Affirmative action districts: in whose faces will they blow up

Affirmative action districts: in whose faces will they blow up

Charles S. Bullock

For the first time since Reconstruction, Republicans hold most southern congressional seats. The GOP gained 16 seats in 1994 in addition to the net pick-up of 9 seats two years earlier. Among the causes is affirmative action gerrymandering. Since the full impact of redistricting is not usually felt in the first election, results from 1992 and 1994 must be considered together.

After. the 1990 Census, Republicans and African Americans united to take seats from white Democrats. A key Justice Department official was sympathetic to GOP concerns while African Americans had the legal club that forced white Democrats who controlled southern legislatures to design plans helpful to blacks and Republicans. Ironically, by amending the Voting Rights Act to facilitate minority challenges to existing electoral systems, white Democrats fashioned the weapon used against them. The consequences of the Act’s new Section dawned in a 1990 federal court finding that required legislatures to maximize majority minority districts.

Bleached Districts

The Justice Department, which has authority under Section 5 of the Voting Rights Act to approve southern districting plans except in Arkansas and Tennessee, worked closely with legislative black caucuses to create additional minority districts. Minorities were gathered into congressional and state legislative districts having a majority of African Americans, thereby bleaching adjacent districts. Since white southerners increasingly vote Republican, whiter districts have a higher likelihood of supporting GOP nominees.

Increases in the numbers of African-American legislators dominated the news reports about the 1992 legislative elections. Alabama, Florida, Virginia, and both Carolinas elected their first black members of Congress this century while across the South, African Americans in Congress grew by 12. Coincident with black gains, Republicans picked up three seats in Georgia and Florida and one each in Alabama, South Carolina, Arkansas and Texas while losing one in Louisiana. African Americans added no southern seats in 1994, but Republicans took control of the Georgia, North Carolina, Tennessee and South Carolina delegations and added seats in Florida, Virginia and Texas.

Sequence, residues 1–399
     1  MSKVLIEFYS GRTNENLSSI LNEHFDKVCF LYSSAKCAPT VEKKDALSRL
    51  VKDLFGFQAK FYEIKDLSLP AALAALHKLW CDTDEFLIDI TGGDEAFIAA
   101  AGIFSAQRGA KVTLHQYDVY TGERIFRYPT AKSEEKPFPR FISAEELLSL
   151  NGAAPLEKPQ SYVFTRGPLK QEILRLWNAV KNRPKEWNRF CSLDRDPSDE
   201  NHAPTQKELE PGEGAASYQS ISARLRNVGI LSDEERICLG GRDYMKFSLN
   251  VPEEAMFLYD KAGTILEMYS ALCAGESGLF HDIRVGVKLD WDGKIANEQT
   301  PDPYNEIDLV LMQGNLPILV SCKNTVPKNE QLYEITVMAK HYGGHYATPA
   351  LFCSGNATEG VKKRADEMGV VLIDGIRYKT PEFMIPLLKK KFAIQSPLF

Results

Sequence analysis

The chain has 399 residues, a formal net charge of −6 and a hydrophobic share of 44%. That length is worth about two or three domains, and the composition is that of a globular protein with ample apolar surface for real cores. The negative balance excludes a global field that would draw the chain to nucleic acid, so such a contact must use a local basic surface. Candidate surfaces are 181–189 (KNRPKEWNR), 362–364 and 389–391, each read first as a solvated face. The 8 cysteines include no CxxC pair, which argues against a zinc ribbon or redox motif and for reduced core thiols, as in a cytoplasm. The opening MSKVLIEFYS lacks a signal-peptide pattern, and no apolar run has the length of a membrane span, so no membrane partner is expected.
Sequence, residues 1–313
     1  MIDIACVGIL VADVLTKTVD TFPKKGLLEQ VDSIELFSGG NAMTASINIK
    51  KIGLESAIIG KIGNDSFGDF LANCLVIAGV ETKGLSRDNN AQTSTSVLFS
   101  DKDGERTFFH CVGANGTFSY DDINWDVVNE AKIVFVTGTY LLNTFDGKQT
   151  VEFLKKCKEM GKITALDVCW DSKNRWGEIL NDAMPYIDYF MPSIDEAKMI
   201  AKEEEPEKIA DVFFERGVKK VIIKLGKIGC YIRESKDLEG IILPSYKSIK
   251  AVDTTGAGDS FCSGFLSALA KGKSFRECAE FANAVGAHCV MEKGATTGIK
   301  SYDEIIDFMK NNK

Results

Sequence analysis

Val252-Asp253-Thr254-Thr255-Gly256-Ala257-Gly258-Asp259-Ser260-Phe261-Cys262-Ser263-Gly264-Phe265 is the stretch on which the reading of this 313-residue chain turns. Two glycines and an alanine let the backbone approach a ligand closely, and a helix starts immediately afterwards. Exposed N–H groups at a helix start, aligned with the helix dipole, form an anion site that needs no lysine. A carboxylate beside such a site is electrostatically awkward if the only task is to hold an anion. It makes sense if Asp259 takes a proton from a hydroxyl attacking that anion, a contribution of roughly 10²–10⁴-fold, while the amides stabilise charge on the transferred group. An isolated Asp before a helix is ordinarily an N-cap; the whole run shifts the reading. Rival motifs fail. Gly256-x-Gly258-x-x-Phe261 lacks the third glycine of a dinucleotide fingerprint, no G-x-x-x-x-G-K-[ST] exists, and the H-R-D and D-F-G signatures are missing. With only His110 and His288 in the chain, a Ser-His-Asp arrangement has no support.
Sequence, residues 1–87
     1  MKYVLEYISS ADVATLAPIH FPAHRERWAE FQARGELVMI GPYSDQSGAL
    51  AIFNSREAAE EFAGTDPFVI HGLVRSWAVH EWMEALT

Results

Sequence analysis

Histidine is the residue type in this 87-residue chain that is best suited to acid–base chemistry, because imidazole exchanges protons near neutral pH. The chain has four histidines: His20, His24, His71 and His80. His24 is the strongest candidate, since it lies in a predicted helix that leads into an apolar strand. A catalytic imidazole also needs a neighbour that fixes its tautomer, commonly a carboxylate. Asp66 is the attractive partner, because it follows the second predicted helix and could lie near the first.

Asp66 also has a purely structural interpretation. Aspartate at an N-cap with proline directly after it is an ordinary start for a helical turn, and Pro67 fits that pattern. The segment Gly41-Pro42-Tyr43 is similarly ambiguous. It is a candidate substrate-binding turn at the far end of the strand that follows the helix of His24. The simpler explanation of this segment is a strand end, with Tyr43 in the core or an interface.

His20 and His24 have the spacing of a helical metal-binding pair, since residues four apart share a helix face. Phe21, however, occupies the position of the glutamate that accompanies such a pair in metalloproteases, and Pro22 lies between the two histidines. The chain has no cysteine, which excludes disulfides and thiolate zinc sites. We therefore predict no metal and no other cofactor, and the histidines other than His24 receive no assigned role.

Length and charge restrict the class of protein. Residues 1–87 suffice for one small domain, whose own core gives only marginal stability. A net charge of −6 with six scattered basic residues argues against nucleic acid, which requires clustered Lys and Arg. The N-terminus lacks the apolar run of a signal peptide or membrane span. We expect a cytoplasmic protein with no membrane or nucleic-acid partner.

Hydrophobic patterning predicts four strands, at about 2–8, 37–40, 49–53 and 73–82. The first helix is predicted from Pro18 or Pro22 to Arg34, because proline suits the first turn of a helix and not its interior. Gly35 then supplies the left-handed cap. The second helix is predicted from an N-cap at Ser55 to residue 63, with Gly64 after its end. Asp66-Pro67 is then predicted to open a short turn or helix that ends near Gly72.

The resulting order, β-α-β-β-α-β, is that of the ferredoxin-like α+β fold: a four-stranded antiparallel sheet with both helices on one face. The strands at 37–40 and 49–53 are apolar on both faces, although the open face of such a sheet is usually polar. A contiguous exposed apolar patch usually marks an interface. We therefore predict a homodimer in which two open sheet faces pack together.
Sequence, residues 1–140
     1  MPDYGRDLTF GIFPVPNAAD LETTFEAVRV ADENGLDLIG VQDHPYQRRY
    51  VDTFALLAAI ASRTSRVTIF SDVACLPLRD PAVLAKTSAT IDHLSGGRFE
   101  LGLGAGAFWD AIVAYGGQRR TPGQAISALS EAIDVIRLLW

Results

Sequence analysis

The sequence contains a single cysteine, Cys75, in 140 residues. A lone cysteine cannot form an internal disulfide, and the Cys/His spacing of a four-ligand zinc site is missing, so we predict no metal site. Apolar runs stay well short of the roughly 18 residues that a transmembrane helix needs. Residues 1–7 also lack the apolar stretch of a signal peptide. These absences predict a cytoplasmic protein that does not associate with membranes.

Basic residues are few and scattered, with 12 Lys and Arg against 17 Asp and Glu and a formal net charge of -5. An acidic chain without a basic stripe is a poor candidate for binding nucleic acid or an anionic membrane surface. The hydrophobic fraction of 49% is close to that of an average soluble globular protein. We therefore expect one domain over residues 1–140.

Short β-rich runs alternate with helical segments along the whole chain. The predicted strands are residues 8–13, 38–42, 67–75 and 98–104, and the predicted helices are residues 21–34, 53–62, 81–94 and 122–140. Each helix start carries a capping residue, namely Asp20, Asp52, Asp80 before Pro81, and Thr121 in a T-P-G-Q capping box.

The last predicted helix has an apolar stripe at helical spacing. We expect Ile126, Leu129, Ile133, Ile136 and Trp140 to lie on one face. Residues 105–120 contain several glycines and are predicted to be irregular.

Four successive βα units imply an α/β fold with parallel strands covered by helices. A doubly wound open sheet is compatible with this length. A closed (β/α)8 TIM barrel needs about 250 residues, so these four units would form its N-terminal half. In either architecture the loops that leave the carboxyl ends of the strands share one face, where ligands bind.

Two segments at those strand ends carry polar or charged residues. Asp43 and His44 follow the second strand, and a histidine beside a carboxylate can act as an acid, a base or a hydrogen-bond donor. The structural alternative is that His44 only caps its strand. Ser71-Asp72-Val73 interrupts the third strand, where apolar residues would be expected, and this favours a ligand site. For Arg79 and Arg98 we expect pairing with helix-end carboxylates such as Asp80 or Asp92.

President Clinton had exceptionally high negatives in the South in 1994 and Republicans offered a message popular with many voters, particularly white males. Republicans would have made gains even in the districts that existed prior to 1992, but affirmative action gerrymandering greatly contributed to these advances.

At the simplest level, the impact of redistricting is apparent when the number of black voters removed from a district exceeds the GOP victory margin. For example, after redistricting reduced the black population of North Carolina’s Third District by three percentage points, it narrowly went Republican in 1994. John Linder defeated a liberal Democratic woman in Georgia’s Fourth District by fewer than 2,700 votes in 1992 after the district’s black percentage plummeted from 25 to 12. All districts held by Democrats in 1991 in which redistricting reduced the black percentage by more than 10 points have now fallen to Republicans. The GOP took four of these districts in 1992 and two more in 1994.

The political world is complex, so it’s unrealistic to assume that everything else remains constant when a district’s racial composition changes. Even where the removal of blacks could not account for the vote margin, bleaching often created an environment more favorable to Republicans. Unknown numbers of incumbents have been re-elected because they did not draw a credible challenger. With increasing white support for Republicans up and down the ballot, some whitened southern districts attracted more formidable Republicans than would have emerged had the racial proportions remained unchanged. Better candidates, Democratic incumbents trying to defend their records before more conservative constituents, and perceptions that winning might be possible facilitated the GOP fund raising necessary to become competitive.